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From: "J. Vincent Toups" <>
Subject: Extensible Macros and define-library
Date: Sat, 17 Apr 2021 06:32:58 -0400	[thread overview]
Message-ID: <> (raw)

I'm seeking ideas on how to implement an extensible pattern matcher.

You can see the code as it currently is here:

Usage look like this

(define (example arg)
 (match arg
  ((string? x) x)
  ((number? x) x)
  ((list a b c) (list c b a))
  (anything-else (error "Fail"))))

(example 10) -> 10
(example '(1 2 3)) -> (3 2 1)

When matching against a pattern which is a list, the matcher uses the
head of the list to determine what behavior to implement. The list
head is interpreted as being in its own namespace (the pattern
namespace, if you'd like). If you examine the source code you can see
that we dispatch presently on the symbolic value of the head rather
than its syntax. The "pattern namespace" is totally static and flat.

I'm trying to figure out how to let users extend this pattern matcher.
A user defined pattern is naturally thought of as a special kind of
syntax-transformer. It takes some syntax in and returns a new pattern
using primitive patterns as an implementation language.


(define-pattern list-of-two
 (lambda (expr)
  (syntax-case expr ()
   ((_ a b) #'(list a b)))))

How can I set this system up so that

1. patterns can be exported/imported/etc using define-library
2. they are neither regular functions nor syntax-transformers
    a. they don't have run time values
    b. they also aren't interpreted as regular syntax-transformers?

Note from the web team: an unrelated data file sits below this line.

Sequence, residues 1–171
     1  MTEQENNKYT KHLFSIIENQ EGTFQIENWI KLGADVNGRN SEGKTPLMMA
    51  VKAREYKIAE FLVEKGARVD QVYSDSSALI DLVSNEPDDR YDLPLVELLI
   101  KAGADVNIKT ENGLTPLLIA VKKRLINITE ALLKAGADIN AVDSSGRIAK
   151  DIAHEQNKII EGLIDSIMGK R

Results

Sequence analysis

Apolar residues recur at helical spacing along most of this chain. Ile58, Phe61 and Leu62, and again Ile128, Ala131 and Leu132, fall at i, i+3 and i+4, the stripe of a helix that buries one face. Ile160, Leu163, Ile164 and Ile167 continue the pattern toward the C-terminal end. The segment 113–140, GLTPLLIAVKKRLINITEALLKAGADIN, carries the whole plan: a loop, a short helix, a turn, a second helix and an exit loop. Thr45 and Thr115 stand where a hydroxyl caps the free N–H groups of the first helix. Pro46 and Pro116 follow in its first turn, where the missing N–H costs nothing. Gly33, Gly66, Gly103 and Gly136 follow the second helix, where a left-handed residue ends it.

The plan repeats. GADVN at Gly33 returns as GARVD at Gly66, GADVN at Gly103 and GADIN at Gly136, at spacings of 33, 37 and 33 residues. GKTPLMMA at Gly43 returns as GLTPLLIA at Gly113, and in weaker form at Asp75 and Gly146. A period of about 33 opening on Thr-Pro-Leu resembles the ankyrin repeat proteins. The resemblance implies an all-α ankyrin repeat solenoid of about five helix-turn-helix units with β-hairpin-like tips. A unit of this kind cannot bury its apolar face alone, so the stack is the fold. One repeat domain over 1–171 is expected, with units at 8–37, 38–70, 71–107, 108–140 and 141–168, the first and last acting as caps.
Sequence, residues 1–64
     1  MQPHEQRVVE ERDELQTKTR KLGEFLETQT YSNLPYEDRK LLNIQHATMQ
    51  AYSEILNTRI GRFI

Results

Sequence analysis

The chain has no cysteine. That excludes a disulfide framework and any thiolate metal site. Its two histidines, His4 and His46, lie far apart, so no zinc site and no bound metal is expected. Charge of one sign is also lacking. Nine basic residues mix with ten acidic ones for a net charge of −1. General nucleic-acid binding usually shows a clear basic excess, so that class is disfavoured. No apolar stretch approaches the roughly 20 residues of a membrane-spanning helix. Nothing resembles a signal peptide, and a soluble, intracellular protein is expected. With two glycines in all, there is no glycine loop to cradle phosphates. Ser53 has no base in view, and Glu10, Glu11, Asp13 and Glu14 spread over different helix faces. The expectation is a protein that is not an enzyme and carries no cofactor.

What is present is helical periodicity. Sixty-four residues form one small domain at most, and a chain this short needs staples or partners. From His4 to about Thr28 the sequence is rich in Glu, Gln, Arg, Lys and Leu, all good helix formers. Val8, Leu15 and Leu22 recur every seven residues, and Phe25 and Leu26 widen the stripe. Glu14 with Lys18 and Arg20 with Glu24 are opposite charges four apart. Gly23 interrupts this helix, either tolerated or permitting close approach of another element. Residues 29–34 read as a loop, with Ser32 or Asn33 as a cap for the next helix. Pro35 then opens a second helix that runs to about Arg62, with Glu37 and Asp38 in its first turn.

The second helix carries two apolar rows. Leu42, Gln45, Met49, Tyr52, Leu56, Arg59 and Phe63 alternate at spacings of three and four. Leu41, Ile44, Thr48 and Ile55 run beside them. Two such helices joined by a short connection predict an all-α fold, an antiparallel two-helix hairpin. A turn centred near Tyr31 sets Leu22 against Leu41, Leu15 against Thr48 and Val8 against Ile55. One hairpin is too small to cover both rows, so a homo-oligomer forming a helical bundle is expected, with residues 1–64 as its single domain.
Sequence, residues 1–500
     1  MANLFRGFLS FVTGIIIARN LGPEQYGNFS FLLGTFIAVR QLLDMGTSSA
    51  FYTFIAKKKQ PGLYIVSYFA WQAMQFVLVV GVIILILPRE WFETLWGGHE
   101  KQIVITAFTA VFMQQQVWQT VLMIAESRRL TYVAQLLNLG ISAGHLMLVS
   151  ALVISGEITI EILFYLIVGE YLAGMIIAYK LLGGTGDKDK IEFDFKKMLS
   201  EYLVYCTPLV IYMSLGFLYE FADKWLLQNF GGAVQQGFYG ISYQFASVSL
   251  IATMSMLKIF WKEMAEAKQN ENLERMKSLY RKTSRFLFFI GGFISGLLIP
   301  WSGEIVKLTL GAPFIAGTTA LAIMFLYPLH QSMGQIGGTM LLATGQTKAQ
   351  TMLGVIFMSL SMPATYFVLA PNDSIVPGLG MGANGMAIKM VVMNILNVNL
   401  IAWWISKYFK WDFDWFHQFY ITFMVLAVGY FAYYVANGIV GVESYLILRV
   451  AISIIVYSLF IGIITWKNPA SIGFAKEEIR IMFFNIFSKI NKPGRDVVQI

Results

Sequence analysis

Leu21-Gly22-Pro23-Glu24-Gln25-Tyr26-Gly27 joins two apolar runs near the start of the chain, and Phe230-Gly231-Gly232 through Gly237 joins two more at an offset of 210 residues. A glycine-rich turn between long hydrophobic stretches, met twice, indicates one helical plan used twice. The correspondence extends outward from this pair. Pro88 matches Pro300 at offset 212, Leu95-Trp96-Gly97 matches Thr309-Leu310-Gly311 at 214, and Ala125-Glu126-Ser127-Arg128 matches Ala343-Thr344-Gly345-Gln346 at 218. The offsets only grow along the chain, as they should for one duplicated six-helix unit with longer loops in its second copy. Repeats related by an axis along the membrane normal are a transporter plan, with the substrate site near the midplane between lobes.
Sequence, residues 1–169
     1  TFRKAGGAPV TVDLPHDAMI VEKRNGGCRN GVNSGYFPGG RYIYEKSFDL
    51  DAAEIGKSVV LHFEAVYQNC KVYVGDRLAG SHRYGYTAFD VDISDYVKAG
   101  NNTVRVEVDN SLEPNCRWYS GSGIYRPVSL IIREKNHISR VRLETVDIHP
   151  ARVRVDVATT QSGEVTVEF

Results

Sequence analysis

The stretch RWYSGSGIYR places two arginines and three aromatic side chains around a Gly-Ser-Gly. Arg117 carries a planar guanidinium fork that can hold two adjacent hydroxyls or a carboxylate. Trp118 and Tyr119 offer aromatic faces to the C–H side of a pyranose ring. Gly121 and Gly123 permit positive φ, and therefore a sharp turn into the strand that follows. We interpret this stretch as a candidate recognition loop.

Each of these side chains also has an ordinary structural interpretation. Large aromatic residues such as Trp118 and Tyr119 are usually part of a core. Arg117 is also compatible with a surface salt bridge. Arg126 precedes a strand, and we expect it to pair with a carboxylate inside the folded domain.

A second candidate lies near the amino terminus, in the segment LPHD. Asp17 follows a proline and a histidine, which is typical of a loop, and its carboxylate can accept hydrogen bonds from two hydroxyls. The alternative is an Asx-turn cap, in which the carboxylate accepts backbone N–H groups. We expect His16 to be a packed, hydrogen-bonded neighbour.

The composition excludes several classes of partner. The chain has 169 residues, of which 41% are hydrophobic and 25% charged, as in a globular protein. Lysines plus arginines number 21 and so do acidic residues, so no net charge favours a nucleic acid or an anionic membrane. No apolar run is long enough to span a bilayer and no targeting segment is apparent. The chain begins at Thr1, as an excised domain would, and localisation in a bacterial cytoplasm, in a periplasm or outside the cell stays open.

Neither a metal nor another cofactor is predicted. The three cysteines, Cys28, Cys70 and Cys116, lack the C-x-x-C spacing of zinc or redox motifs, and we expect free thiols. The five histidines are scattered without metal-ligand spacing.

I'm not sure such a thing can be defined in pure R7RS/R6RS scheme?

I _think_ the essence of this question is whether there is any clever
way to set up a separate namespace that I can interact with at
syntax-transformation time. I think I could hack something together if
there was a way to do a macro-expand-once but in that case I think I'd
still have to define patterns as regular syntax-transformations. And
it doesn't seem like there is such a thing as "expand-once" in
R(6,7)RS or in Kawa.

A cute use of such a thing would be to implement something like
scala's "unapply" idiom where a specific static method of a class
describes how to perform a pattern match for instances.

Any advice would be appreciated!

             reply	other threads:[~2021-04-17 10:33 UTC|newest]

Thread overview: 2+ messages / expand[flat|nested]  mbox.gz  Atom feed  top
2021-04-17 10:32 J. Vincent Toups [this message]
2021-05-11 21:41 ` Per Bothner

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